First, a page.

The San Francisco calamity by earthquake and fire eBook

Charles W. Morris
This eBook from the Gutenberg Project consists of approximately 432 pages of information about The San Francisco calamity by earthquake and fire.

“This extraordinary phenomenon excited my uncle’s philosophical curiosity to take a nearer view of it.  He ordered a light vessel to be got ready, and gave me the liberty, if I thought proper, to attend him.  I rather chose to continue my studies, for, as it happened, he had given me an employment of that kind.  As he was passing out of the house he received dispatches:  the marines at Retina, terrified at the imminent peril (for the place lay beneath the mountain, and there was no retreat but by ships), entreated his aid in this extremity.  He accordingly changed his first design, and what he began with a philosophical he pursued with an heroical turn of mind.”


“He ordered the galleys to put to sea, and went himself on board with an intention of assisting not only Retina but many other places, for the population is thick on that beautiful coast.  When hastening to the place from whence others fled with the utmost terror, he steered a direct course to the point of danger, and with so much calmness and presence of mind, as to be able to make and dictate his observations upon the motion and figure of that dreadful scene.  He was now so nigh the mountain that the cinders, which grew thicker and hotter the nearer he approached, fell into the ships, together with pumice-stones, and black pieces of burning rock; they were in danger of not only being left aground by the sudden retreat of the sea, but also from the vast fragments which rolled down from the mountain, and obstructed all the shore.

“Here he stopped to consider whether he should return back again; to which the pilot advised him.  ‘Fortune,’ said he, ’favors the brave; carry me to Pomponianus.’  Pomponianus was then at Stabiae, separated by a gulf, which the sea, after several insensible windings, forms upon the shore.  He (Pomponianus) had already sent his baggage on board; for though he was not at that time in actual danger, yet being within view of it, and indeed extremely near, if it should in the least increase, he was determined to put to sea as soon as the wind should change.  It was favorable, however, for carrying my uncle to Pomponianus, whom he found in the greatest consternation.  He embraced him with tenderness, encouraging and exhorting him to keep up his spirits; and the more to dissipate his fears he ordered, with an air of unconcern, the baths to be got ready; when, after having bathed, he sat down to supper with great cheerfulness, or at least (what is equally heroic) with all the appearance of it.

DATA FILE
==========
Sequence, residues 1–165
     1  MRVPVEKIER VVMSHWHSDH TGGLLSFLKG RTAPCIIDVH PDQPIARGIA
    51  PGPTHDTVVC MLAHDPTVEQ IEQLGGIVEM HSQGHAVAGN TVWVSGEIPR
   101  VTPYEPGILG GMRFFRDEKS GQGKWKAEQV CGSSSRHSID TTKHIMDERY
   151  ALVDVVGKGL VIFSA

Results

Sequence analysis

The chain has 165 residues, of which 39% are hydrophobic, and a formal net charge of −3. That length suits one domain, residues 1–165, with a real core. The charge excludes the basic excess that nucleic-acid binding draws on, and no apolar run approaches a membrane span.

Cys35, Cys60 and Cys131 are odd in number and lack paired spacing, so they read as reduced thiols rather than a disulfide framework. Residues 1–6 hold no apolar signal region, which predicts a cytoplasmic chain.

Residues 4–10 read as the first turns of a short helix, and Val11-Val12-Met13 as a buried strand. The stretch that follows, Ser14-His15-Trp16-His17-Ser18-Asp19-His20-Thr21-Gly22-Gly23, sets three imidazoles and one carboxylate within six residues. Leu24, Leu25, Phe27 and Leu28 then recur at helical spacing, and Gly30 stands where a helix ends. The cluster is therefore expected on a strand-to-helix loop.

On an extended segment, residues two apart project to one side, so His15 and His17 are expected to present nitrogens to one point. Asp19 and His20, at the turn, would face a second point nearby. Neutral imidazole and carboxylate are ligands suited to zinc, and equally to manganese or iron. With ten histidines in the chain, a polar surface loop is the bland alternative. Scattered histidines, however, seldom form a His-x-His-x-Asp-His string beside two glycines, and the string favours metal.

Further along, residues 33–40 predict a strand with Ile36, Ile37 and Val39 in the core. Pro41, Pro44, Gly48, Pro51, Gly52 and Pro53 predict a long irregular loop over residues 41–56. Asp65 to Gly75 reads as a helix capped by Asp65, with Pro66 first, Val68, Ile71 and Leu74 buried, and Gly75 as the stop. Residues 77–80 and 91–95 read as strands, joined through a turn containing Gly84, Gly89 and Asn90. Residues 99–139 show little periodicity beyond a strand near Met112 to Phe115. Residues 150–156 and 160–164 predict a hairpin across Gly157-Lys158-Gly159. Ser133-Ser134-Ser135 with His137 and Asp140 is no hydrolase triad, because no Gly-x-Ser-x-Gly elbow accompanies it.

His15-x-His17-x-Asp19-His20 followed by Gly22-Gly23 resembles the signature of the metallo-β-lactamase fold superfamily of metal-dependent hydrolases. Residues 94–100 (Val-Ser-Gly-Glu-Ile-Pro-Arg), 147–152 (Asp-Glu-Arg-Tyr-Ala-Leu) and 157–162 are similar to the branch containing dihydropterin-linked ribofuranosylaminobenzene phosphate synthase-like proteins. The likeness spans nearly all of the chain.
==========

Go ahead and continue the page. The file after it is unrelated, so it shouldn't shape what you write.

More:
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The San Francisco calamity by earthquake and fire from Project Gutenberg. Public domain.
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